In addition, Tango developed in the context of men outnumbering women about five to one. This gave a man a big incentive to give his female dance partner a pleasurable experience so she would want to dance with him again, and not the other four men waiting to dance with her. Tango movements developed to make the woman feel good, which is a big reason why Tango can be such an intimate and lovely experience.

I want to make a note here and say that Tango is a very gender-fluid dance. When we refer to “man”, we really refer to the leader – the one proposing the movements. Many men dance tango with men especially when they are training, and women dance with women. It would be incorrect to refer to the woman as the follower, since the woman has the choice of whether or not to accept the leader’s proposed next move. She might not, and he’ll have to try something else.

So in Tango there are equal, yet different – complementary roles. Both require a high level of skill, and that is because the dance is not choreographed. The partners must engage in a present emotional intimacy to communicate through their bodies with each other. This means opening one’s heart to *feeling* the heart of your dance partner, so you can dance well together.

It includes awkwardness. It includes vulnerability. It includes taking risks. It includes making mis-steps. And it includes being willing to open your heart and feel platonic human love to work well together and enjoy the dance.

So how might we learn something from the beautiful experience of Argentinian Tango for feeling love during this pandemic?

First, let’s acknowledge the certain death of heart if we close ourselves off from authentically connecting with people. Don’t go there, please!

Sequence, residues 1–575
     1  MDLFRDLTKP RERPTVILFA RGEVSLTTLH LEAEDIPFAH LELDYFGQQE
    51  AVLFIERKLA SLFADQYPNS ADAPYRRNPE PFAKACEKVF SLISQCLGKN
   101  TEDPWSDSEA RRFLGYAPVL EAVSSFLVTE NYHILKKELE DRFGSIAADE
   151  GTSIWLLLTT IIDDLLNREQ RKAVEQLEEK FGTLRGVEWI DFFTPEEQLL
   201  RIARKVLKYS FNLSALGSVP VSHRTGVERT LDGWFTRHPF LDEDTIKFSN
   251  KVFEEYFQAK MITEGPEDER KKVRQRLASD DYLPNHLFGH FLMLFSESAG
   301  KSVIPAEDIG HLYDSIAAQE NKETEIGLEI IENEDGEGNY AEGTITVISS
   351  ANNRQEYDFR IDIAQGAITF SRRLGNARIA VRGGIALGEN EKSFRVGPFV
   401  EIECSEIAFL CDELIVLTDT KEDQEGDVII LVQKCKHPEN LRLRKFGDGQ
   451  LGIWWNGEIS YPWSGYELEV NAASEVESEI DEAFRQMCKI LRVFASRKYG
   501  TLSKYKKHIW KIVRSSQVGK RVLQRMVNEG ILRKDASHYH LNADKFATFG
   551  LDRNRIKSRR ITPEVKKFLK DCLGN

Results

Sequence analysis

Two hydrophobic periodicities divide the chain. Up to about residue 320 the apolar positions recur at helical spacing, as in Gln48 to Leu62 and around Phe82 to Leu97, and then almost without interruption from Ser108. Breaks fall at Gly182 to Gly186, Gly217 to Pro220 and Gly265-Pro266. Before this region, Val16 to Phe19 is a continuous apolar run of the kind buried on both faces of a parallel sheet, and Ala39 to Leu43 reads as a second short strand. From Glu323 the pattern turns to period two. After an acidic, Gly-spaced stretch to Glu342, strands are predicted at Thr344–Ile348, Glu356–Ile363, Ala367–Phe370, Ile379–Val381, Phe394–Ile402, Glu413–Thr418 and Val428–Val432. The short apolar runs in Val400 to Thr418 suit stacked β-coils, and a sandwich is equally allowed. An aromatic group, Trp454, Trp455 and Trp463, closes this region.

If we can’t physically touch others, we can still extend kindness. We can extend courtesy on public transit, whether that is making space for someone boarding, thanking the bus driver, or simply saying a kind good morning to another passenger. They may not respond, but at least you are sewing seeds of love into the world, and that’s going to open your heart to feeling more love.

We can also get creative and explore new ways to connect with friends, family and other loved ones. If you have been reduced to getting together on Zoom, then make your Zoom get together special! Here are some ideas to kick off your creativity:

  • Create a colorful and meaningful invitation and send it with a bit of flare. 
  • Set up as a festive tea/coffee date where each of you bring a special drink. Share your drink choices when you get on the call. Wow each other!
  • Make a cooking date where you decide a recipe you are going to cook, each buy the ingredients, open up your Zooms, and make the same dish together in your separate kitchens

Is it possible to be nurtured by a Zoom call? 

People attending my Zoom programs have remarked at how warm their hearts feel by the end of the program. Part of that is my leadership (as in Tango), where I set a tone of heart, kindness, and being very present and authentic with each other. They feel my care.

The equally important part is the willingness of the participants to step into that space of authenticity and share their wisdom and about what they need so we can attend to it. We co-create a space of warmth, care, wisdom and humanity that nourishes our spirits in these desolate pandemic times.

What I am proposing is that the spirit and heart that you sew into reaching out to people in your life can be meaningful. It doesn’t have to be a shallow email or a shallow Zoom call.

It can be a deeply heart-full email or Zoom call if you invest your feeling, your presence and your heart. 

Drawing on the Tango analogy… If you are willing to be present with your awkwardness and vulnerability, and hold space for your partner to be awkward and vulnerable, it makes it more real. If you sometimes take on the role of leading and proposing a “move,” then respectfully listen for how your partner receives it (ie, invite them to a festive Zoom tea). You can also respond with some grace and warmth when someone reaches out to you with a proposed “move” (ie, send a heart touching response to your loved one and add an emoji or two).

We truly create our experience, and even within a pandemic, we can dig a little deeper into how we love people. I invite you to explore how you can attend more deeply to your own heart and to the hearts of those around you this month so you are able to feel more love.

To support you in greasing your emotional intimacy wheels, I am offering a sale this month on Heal Your Heart Through Meditation.

To join my community, click here.

A special treat for those who read to the bottom of the page… This short video demonstrates the qualities of Tango that I talk about in this article. Enjoy!

Gustavo Naveira y Giselle Anne en Salon Canning

Would you like to know the key to courage?